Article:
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Palladium operator plans major renovation

Times Staff Writer

The Hollywood Palladium, the 66-year-old Art Deco palace on Sunset Boulevard that has hosted legends from Frank Sinatra to the Grateful Dead, will get a top-to-bottom renovation by a new operator and reopen next year.

Live Nation, the Los Angeles-based live music company, said Wednesday it plans to invest “millions” in a more than yearlong renovation as it enters a 20-year lease on the concert hall.

For the record:
12:00 AM, May. 18, 2007 For The Record
Los Angeles Times Friday May 18, 2007 Home Edition Main News Part A Page 2 National Desk 1 inches; 57 words Type of Material: Correction
Hollywood Palladium: An article in the April 12 California section about a planned renovation of the Hollywood Palladium cited a Sept. 23, 1940 opening date publicized by Live Nation, the theater’s new operator. Based on news articles and documents from the time, however, Live Nation now says opening festivities more likely took place in late October 1940.

City officials said they were thrilled.

“Live Nation’s restoration of the Hollywood Palladium synthesizes the best of Hollywood’s past, present and its future,” said City Council President Eric Garcetti, who represents the area, as the deal was announced Wednesday. “Hollywood’s next golden age is here, and the Palladium will be the first stop to watch it up close.”

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The theater opened Sept. 23, 1940, with performances by the Tommy Dorsey Orchestra and Frank Sinatra. Over the years, it has played host to the Emmy Awards, the Grammy Awards, the Rolling Stones, James Brown, Led Zeppelin, Madonna, Barbra Streisand and hundreds of others.

Live Nation said it would renovate the 4,000-capacity live music venue and reopen it in September 2008. It plans a major upgrade to the stage infrastructure to accommodate larger productions and an overhaul of interior and exterior areas to bring the hall up to date while preserving its “original aesthetic integrity.”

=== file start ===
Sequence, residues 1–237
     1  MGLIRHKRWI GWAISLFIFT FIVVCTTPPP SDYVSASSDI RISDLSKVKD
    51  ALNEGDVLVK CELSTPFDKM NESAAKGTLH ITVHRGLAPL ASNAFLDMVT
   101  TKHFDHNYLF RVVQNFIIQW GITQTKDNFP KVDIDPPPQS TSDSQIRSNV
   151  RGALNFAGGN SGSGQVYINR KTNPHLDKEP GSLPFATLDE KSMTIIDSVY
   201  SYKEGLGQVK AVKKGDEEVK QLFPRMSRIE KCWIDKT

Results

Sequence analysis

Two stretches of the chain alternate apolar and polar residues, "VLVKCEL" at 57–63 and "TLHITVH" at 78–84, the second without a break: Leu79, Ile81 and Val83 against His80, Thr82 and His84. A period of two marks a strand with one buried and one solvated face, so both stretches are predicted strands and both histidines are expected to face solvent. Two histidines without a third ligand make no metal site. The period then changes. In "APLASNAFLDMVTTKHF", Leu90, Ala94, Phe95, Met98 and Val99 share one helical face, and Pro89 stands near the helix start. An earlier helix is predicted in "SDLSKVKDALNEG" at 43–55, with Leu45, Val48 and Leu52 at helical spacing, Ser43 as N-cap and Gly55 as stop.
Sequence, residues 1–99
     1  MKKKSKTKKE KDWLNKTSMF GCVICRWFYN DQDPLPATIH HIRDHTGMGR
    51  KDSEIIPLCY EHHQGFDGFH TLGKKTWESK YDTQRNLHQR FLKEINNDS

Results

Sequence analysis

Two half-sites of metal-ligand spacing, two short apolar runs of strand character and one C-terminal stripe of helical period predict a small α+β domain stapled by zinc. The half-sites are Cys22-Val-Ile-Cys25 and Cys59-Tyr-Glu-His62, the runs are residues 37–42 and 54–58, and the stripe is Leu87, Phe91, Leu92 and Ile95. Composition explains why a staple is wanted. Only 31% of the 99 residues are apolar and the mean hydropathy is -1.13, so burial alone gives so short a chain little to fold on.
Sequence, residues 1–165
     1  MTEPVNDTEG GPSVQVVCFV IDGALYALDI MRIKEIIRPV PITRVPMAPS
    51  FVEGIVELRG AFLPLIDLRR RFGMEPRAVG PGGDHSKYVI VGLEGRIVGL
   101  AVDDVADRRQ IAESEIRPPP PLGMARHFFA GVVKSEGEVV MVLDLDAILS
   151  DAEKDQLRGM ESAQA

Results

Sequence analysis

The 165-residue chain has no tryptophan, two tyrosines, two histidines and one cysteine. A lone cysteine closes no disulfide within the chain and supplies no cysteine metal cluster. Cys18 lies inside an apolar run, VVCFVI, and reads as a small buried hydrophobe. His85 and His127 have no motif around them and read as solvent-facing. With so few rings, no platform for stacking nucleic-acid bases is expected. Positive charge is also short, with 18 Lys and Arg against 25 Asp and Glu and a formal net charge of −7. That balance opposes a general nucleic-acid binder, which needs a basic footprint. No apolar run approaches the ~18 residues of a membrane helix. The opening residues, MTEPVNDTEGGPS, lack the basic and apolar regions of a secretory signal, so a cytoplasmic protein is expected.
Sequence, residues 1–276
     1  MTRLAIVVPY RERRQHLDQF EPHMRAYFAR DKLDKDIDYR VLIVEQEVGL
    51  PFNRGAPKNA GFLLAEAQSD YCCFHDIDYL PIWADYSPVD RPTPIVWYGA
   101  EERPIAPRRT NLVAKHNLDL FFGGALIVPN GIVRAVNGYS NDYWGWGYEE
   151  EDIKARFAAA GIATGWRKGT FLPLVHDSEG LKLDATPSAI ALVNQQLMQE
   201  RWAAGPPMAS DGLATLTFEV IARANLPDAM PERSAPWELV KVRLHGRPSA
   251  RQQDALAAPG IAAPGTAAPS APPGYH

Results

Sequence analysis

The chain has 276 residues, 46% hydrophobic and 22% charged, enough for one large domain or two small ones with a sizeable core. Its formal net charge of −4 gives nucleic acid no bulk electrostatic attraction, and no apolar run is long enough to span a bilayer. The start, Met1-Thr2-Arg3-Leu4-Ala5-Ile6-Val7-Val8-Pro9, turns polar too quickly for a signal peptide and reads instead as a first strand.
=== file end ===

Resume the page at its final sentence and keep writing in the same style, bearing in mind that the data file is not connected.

Other improvements include doubling restroom facilities and putting them in more easily accessible locations, modifying the auditorium to provide better views from all areas, doubling the amount of back-of-house space, and increasing the number of beverage sale counters.

“When you look at the inside and the outside, we expect it to be every bit as beautiful as when it opened in 1940,” said John Vlautin, Live Nation spokesman.

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Live Nation owns or operates 160 theaters worldwide, including the Wiltern on Wilshire Boulevard, the House of Blues on Sunset and the Verizon Wireless Amphitheater in Irvine.

The last concert at the Palladium was performed by Wolfmother in December.

Alan Shuman, president of Palladium Investors Ltd., the privately held group that has owned the theater for 22 years, said he decided to stop operating at the end of last year and lease it out to others to operate.

Last August, a deal fell through to sell the theater to a Beverly Hills developer, Combined Properties Inc., which planned to retain the concert hall but develop the adjoining parking lot, possibly with stores and homes.

valerie.reitman@latimes.com


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